The broad objective of the proposed research is to develop, implement, and evaluate accurate and efficient approaches to image reconstruction in single- and multi-slice helical computed tomography (CT). The numerous advantages of helical CT, such as its high volume-scanning speed, have allowed it to displace conventional CT as the test of choice in many clinical situations and allowed for the development of new imaging protocols that were not even possible with conventional CT. The investigators' preliminary theoretical and empirical studies strongly suggest that the proposed reconstruction approaches preserve all of the inherent advantages of helical CT available when existing reconstruction approaches are used while improving physical characteristics such as aliasing response, longitudinal resolution, and noise properties, with little or no additional computation burden. Such improvements have a number of clinical implications: (a) Improved longitudinal resolution can enhance the diagnostic accuracy of focal pathologic abnormalities such as lung nodules. (b) The ability of the approaches to reduce or control image noise levels in optimal ways can be exploited either for improving image quality for a given patient radiation exposure or for reducing patient exposure while holding image quality constant. Reduced exposure also reduces the burden on overworked x-ray tubes. (c) The approaches can yield reconstructed volumes that have more isotropic noise and resolution properties than can existing approaches, which would improve the quality of multiplanar reformats generated form these volumes. (d) Most significantly, the proposed approaches would allow clinicians to trade off the resolution and noise improvements for improved temporal resolution. This would particularly benefit CT angiography, where improved temporal resolution translates directly into improved bolus tracking and thus improved image contrast.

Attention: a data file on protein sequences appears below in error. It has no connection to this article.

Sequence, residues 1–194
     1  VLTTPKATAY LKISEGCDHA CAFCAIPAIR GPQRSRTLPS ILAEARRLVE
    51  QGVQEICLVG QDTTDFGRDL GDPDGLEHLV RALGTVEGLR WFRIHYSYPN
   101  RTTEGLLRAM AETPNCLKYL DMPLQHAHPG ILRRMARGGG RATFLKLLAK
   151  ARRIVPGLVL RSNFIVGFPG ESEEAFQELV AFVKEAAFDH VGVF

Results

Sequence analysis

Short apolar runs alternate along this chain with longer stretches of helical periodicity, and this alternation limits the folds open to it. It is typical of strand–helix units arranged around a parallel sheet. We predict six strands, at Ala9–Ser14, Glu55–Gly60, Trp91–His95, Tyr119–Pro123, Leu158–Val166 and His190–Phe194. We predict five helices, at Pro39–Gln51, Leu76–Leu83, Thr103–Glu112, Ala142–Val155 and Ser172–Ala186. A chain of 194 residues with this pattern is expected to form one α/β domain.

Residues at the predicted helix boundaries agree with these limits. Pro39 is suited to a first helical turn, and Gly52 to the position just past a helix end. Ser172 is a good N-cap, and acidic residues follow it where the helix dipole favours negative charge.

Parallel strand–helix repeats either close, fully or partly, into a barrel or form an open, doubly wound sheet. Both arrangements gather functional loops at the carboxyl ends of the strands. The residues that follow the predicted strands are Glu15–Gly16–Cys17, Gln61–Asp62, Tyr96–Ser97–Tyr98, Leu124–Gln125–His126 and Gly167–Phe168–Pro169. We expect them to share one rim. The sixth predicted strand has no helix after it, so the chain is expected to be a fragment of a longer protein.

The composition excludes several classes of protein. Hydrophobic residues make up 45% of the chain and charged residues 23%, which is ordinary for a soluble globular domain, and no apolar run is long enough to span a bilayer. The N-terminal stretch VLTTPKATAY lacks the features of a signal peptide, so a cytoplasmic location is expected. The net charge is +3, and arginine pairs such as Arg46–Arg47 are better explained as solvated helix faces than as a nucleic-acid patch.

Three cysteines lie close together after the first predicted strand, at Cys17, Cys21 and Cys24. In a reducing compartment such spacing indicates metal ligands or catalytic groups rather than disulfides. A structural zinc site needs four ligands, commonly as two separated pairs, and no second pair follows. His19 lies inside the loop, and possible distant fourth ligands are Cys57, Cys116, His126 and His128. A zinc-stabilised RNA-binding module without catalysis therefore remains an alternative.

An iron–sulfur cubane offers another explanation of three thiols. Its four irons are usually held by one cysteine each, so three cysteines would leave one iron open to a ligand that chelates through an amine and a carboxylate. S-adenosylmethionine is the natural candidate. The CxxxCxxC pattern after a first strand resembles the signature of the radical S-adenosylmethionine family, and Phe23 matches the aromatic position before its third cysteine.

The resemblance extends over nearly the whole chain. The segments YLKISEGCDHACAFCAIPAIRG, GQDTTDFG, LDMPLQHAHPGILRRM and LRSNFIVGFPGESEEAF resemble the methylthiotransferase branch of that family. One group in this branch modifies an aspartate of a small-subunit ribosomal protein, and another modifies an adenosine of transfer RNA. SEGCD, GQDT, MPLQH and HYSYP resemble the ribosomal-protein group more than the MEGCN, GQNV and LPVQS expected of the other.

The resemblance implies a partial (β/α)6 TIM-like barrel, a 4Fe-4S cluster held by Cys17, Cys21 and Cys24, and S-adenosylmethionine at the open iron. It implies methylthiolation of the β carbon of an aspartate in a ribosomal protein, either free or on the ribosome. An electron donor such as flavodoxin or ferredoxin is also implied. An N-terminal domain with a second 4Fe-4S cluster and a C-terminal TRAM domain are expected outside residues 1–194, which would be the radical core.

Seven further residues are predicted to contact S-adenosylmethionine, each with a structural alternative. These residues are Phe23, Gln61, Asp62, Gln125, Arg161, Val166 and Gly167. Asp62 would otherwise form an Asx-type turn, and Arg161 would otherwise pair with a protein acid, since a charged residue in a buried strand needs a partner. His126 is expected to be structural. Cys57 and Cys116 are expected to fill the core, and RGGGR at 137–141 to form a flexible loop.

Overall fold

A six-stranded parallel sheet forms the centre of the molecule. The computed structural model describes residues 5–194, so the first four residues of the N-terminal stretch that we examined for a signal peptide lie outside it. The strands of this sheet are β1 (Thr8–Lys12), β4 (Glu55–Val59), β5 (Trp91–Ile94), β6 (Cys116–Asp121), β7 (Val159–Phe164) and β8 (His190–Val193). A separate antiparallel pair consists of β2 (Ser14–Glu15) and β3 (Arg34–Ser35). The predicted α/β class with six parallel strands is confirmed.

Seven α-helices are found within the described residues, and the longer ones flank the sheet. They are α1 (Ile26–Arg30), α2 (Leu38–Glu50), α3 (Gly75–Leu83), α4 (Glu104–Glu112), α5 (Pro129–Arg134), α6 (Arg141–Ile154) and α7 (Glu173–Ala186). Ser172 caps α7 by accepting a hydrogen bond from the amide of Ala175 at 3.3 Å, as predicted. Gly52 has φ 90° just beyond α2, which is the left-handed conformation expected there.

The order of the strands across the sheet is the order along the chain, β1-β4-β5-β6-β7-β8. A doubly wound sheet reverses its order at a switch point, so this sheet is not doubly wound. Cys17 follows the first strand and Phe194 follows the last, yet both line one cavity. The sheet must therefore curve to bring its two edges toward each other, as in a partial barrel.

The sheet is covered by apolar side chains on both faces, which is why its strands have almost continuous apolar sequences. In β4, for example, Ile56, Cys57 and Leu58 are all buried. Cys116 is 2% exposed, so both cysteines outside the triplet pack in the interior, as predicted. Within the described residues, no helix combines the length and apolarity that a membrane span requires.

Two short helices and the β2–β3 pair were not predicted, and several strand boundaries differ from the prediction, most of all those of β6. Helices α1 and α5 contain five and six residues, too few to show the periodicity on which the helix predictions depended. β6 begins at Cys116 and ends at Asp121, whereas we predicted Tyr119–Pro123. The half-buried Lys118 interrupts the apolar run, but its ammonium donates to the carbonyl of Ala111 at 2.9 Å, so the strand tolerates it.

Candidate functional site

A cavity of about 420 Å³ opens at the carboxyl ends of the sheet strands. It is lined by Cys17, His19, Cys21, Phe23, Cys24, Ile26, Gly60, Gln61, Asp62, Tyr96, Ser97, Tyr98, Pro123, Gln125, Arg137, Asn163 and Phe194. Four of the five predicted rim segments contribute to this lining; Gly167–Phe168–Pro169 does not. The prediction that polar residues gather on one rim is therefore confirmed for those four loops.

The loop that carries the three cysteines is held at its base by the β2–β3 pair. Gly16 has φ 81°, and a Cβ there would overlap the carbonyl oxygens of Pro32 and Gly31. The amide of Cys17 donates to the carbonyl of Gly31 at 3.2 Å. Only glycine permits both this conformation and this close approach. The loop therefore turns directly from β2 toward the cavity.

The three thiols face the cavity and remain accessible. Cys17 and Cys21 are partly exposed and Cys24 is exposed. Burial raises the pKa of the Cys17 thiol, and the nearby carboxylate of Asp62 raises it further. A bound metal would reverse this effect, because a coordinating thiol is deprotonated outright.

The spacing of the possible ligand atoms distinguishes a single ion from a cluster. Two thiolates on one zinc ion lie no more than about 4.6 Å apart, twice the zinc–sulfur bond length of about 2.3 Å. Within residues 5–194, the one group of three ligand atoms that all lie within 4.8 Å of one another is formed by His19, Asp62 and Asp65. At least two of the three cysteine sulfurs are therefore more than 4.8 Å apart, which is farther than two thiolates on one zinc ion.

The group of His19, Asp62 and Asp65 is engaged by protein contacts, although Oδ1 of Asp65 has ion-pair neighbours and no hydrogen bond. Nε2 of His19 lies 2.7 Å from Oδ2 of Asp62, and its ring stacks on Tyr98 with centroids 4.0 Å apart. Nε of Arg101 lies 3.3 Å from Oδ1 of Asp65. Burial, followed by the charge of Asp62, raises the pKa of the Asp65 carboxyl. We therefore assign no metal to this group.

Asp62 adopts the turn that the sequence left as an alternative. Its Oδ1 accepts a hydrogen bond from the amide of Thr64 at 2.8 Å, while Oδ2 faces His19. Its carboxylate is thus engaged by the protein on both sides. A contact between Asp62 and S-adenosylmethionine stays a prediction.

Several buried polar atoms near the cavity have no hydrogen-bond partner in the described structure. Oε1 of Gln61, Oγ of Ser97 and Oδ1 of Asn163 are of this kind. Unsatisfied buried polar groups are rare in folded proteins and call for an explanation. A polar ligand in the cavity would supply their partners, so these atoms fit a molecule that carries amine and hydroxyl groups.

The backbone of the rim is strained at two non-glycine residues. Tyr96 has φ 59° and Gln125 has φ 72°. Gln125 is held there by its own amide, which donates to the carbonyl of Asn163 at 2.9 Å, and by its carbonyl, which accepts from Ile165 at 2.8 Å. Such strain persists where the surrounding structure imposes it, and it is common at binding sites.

The specific aims of the proposal are: (1) development of a Fourier-based longitudinal interpolation approach for helical CT; (2) development of a spline-based longitudinal interpolation approach for helical CT; (3) development of optimal methods for the exploitation of redundant fan-beam information; (4) development and evaluation of novel fan-beam reconstruction algorithms; and (5) evaluation of the physical characteristics and clinical-task performance of all of the proposed approaches; with comparison to existing approaches.

National Institute of Health (NIH)
National Institute of Biomedical Imaging and Bioengineering (NIBIB)
Research Project (R01)
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Diagnostic Imaging Study Section (DMG)
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Pastel, Mary
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University of Chicago
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